Shoes are not cheap pieces of gear. If you can find a solid pair of sneakers on sale for less than $100 dollars, you’re having a great day.
At the same time, shoes are important: your body relies on them to carry your weight – and then some if you lift.
It makes sense then that you want to research weightlifting shoes before making a final purchase. You’re smart and you want to get your money’s worth. We get it.
Here’s what every lifter should understand about choosing the right pair of shoes.
The Importance Of Choosing The Right Weightlifting Shoes
Although you might be familiar with Olympic lifting shoes, proper footwear can benefit anyone who lifts any kind of weight: powerlifting, CrossFit, or whatever you get into.
Not only can weightlifting shoes possibly help you lift more and bring you closer to your fitness goals, but they’re also important for keeping your bones and joints safe as you add such intense weight to your body.
It’s always important to wear proper shoes if you’re lifting weight on a regular basis – just think of how much stress weightlifting adds to your knees and hips.
Here are a few ways wearing proper footwear can help:
Plus, wearing the right clothing for any activity can improve your confidence, mental state, and even physical performance.
Can’t I Just Wear Running Shoes?
Well, you technically can but you really shouldn’t.
Running shoes are designed to absorb shock from impact but weightlifting is a completely different activity.
After you browse the list below, you’ll understand that running shoes are nothing like weightlifting shoes. Shoes for running are extremely light so they won’t drag your feet down. Lifting shoes, on the other hand, are designed to wear while during limited mobility activities.
Lifting shoes are heavy because they have a large base for stability. Running shoes aren’t and don’t.
If you decide to wear running shoes for weightlifting and vice versa, you’ll find yourself needing to replace your shoes a lot more often. Whereas if you just buy separate shoes for different activities from the get-go, you can pull as much life out of the shoes as possible.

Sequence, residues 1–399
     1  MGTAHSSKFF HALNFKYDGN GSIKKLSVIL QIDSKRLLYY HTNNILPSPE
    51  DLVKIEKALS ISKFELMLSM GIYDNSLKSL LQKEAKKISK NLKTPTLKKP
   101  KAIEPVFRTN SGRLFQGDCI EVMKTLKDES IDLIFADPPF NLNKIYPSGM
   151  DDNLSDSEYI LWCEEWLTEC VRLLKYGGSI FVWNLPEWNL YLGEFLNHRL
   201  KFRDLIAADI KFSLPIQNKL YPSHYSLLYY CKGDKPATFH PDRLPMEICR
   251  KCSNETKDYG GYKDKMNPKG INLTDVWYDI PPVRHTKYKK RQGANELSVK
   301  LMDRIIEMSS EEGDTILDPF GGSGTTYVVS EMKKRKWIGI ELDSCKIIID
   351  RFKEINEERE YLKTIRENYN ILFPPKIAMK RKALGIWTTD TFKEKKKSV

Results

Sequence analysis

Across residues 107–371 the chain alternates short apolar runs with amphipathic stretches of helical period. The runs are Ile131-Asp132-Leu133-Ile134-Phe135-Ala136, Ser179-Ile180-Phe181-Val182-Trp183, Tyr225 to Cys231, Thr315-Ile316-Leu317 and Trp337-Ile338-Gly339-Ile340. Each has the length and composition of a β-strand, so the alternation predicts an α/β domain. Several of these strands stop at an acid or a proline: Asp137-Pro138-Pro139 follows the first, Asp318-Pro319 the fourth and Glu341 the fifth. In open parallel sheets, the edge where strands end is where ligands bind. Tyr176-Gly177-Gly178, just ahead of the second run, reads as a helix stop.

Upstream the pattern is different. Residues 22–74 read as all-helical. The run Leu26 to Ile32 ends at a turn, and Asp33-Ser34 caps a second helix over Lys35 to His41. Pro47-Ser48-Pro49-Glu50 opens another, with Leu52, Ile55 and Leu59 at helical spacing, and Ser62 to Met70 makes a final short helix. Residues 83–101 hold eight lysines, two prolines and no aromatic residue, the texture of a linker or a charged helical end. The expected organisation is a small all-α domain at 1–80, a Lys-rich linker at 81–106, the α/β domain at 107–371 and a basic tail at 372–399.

Yes, buying two pair of shoes will cost a little more, but your body will thank you and it will definitely pay off financially in the long run.
The Anatomy Of Weightlifting Shoes
A lot goes into the design of a weightlifting shoe. As you know by now, it has an important job to do.
Let’s take a look at the different features you should expect in any pair of lifting shoes:
Weightlifting shoes are designed with different elevations ranging from just .3 inches up to an inch. The elevated heel keeps you on your toes (sorry, we couldn’t resist the pun) which improves your form.
Not sure what you need? Start with something mid-range. The ideal height of your heel depends on your particular workout routine and anthropometrics. Sorry to say but it might take some trial and error to find the type of weightlifting shoe that fits you best.
Shoes for weightlifting have different lacing and strap systems to keep your feet secure while you’re doing what you do best. You have a few options here: some shoes have laces covered by one or two straps while others have a BOA lacing system. Each option provides security in different parts of your foot.
There are a few different types of material you might find in any pair of weightlifting shoes. Many shoes are still made with stacked leather or wooden platforms. You can often tell these shoes apart because they have an old-school vibe and they’re pretty heavy.
Shoes might also contain modern synthetic materials like ethylene vinyl acetate (EVA) or thermoplastic polyurethane (TPU). EVA and TPU really changed the game because they’re much lighter and often much more durable. If you’re into CrossFit, you might want an EVA or TPU heel.